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Hawkhurst veteran restores grave of Titanic lookout Reginald Robinson Lee

The grave of the man who spotted the iceberg which sank the Titanic has been lovingly restored by an army veteran on a mission.

Reginald Robinson Lee was the lookout on the ill-fated ship’s maiden voyage and telephoned the bridge to warn of the impending disaster.

RMS Titanic departing Southampton on April 10, 1912
RMS Titanic departing Southampton on April 10, 1912

His resting place in Southampton had fallen into disrepair, leading Hawkhurst resident Steve Davies to restore it.

Mr Lee, who had previously served in the Royal Navy, reportedly warned his superiors "iceberg right ahead" to which the brief response was "thank you".

The Titanic sank early on April 15, 1912, in the north Atlantic, four days into her trip to New York.

Reginald survived but was found dead on August 6 1913 due to an enlarged heart following pneumonia and pleurisy.

Ex-serviceman Mr Davies uses professional cleaning liquids, water and a toothbrush to remove years of dirt and grime so inscriptions are again readable.

Steve Davies has restored over 600 graves over the last five years. Picture: Steve Davies
Steve Davies has restored over 600 graves over the last five years. Picture: Steve Davies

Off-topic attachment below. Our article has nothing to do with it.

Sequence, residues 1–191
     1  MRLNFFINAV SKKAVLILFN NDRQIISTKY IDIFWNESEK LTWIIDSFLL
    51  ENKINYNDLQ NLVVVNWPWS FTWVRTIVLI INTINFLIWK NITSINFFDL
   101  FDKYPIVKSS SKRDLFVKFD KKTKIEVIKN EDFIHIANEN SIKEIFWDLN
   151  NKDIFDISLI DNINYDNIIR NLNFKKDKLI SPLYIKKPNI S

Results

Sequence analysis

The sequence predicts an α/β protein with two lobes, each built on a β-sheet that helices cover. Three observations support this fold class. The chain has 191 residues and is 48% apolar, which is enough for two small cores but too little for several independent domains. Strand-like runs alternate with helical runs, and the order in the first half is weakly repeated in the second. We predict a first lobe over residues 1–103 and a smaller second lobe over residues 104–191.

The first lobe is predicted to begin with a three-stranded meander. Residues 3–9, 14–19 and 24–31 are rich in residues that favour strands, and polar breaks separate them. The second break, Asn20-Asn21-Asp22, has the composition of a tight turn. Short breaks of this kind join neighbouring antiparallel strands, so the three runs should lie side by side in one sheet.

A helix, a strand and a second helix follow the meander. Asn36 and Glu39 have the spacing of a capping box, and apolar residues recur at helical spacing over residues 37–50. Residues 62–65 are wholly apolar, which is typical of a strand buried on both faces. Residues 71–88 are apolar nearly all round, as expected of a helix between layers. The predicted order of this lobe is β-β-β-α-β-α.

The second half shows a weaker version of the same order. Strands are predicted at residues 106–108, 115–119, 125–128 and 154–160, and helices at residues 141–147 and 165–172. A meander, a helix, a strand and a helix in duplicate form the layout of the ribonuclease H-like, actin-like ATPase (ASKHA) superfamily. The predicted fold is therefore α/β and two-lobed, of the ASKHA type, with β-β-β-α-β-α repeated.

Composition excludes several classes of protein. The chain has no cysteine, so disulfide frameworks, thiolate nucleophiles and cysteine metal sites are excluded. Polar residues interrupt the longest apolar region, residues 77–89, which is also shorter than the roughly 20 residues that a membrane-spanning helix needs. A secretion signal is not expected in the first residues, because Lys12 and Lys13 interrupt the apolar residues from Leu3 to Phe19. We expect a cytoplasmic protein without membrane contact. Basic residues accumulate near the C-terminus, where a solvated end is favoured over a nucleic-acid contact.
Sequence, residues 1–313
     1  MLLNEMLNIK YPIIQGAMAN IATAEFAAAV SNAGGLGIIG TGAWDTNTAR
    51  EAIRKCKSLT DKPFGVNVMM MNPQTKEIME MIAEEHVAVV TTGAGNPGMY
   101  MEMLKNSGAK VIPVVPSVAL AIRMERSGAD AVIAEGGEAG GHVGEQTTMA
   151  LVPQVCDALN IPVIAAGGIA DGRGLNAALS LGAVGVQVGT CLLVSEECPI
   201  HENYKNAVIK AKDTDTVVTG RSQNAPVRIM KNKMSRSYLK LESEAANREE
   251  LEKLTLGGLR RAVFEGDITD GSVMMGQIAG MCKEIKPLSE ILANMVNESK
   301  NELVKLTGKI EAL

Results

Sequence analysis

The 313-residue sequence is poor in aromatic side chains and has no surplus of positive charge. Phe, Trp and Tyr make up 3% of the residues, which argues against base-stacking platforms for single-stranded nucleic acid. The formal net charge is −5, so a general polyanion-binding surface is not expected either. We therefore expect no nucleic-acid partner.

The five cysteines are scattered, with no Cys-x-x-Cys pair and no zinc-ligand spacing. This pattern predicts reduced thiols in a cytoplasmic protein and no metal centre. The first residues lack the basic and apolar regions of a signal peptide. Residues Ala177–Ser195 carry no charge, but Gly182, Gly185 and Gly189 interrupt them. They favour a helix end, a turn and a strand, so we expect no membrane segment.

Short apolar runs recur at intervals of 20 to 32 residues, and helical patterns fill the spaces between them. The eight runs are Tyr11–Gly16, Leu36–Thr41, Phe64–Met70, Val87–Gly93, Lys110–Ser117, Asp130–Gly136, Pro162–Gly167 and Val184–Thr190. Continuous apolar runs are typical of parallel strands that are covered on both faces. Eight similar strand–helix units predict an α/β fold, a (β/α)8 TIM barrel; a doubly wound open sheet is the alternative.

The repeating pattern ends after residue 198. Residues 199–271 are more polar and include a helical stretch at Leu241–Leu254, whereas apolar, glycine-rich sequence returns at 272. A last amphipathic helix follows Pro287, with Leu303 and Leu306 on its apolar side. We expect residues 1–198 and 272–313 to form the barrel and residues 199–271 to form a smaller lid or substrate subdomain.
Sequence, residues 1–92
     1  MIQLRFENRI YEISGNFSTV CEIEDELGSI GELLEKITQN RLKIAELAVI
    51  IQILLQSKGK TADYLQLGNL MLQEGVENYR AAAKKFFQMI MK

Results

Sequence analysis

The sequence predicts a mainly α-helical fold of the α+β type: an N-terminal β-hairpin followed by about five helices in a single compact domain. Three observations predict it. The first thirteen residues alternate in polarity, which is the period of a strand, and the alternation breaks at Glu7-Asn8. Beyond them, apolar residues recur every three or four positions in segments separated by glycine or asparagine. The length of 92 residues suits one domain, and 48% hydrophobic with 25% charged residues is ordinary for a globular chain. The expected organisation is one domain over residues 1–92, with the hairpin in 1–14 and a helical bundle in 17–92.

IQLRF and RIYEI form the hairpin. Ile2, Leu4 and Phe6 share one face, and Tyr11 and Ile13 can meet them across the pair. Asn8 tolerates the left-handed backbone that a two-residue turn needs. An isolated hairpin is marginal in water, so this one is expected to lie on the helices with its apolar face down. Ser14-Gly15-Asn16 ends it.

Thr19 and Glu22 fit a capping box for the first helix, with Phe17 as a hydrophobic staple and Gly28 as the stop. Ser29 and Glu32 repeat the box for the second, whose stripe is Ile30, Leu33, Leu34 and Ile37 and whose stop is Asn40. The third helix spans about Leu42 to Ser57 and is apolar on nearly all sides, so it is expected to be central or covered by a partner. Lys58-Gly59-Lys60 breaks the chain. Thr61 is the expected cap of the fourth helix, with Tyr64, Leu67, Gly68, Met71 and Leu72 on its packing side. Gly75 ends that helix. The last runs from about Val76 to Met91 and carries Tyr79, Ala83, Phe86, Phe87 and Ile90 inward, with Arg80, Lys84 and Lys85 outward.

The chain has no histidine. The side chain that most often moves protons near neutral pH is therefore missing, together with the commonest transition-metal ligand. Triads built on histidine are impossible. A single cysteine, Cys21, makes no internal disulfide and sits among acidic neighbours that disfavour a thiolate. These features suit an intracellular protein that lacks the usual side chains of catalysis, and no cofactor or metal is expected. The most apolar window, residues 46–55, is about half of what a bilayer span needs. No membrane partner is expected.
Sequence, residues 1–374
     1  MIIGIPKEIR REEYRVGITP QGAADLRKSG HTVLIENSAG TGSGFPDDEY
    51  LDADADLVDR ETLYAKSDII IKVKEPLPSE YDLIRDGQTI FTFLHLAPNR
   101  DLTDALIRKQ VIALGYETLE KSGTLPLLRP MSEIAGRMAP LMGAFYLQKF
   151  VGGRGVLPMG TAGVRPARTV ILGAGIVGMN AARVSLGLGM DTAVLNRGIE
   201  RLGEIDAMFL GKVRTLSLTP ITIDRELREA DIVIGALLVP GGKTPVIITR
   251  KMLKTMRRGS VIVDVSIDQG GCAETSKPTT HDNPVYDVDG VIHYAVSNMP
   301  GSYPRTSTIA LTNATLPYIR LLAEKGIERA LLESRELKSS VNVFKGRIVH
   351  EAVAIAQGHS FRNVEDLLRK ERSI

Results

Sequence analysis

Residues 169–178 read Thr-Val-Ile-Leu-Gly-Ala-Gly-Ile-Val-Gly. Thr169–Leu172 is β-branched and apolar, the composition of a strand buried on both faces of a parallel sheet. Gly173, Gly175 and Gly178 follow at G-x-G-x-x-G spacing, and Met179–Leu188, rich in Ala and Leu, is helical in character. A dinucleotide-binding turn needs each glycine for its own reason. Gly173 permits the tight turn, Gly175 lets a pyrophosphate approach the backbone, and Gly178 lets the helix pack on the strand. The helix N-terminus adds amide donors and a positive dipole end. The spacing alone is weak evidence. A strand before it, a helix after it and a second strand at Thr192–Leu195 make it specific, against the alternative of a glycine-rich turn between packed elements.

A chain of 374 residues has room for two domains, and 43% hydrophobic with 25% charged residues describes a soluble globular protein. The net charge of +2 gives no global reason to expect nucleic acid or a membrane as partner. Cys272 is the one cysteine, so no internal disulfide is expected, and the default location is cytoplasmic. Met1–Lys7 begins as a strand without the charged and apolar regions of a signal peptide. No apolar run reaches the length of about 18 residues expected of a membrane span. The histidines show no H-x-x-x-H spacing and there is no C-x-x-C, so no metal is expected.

The 65-year-old, who served two tours in Northern Ireland in the 1970s with the third battalion of the Royals Green Jackets, brings back to life lost histories of Britain’s deceased servicemen. So far he’s restored more than 600 gravestones.

The dad-of-three first started five years ago after finding the grave of an 18-year-old rifleman killed during the First World War, just six weeks before the Armistice.

He said: “It makes me angry and upset that all these graves are not looked after and it means a lot to me to bring these stories back to life.

“I try to make them readable and look good again so the history is brought back to life. It’s a labour of love.”

He came across Mr Lee’s resting place by chance.

He explained: “I noticed it as I was walking past and was immediately drawn to it due to the Titanic background, which is very emotive.

The grave before restoration
The grave before restoration
After Mr Davies had brought the grave back to life
After Mr Davies had brought the grave back to life

"The headstone was hardly readable because of how dirty it was. Reginald was a surviving member of the crew and so was ostracised by society.

"For the Edwardians, the crew should have gone down with the ship to save as many women and children as possible, even though Reginald was a rower on one of the lifeboats.”

After he completes restorations, Mr Davies shares before and after pictures as well as the history of the deceased on social media where he is known as Military Grave Restorer.

He is sometimes commissioned to restore the graves by Op Nova and the Remembrance Trust but also takes money out of his own pocket.

His family set up a fundraising page to help support the projects which can cost hundreds of pounds each.

Of the sites he has restored, he has cleaned eight war memorials and the headstones of 47 Victoria Cross winners as well as the graves from a range of ranks.

Up next is a trip to Loch Morar in Scotland where the grave of SAS founder Sir David Sterling awaits.

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